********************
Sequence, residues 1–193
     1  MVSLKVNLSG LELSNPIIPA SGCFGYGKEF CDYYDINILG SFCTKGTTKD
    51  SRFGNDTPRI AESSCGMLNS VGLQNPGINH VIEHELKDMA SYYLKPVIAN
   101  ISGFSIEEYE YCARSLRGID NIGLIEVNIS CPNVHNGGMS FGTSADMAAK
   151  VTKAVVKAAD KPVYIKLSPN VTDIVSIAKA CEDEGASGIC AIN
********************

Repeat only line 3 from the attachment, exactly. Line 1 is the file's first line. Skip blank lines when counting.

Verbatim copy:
    51  SRFGNDTPRI AESSCGMLNS VGLQNPGINH VIEHELKDMA SYYLKPVIAN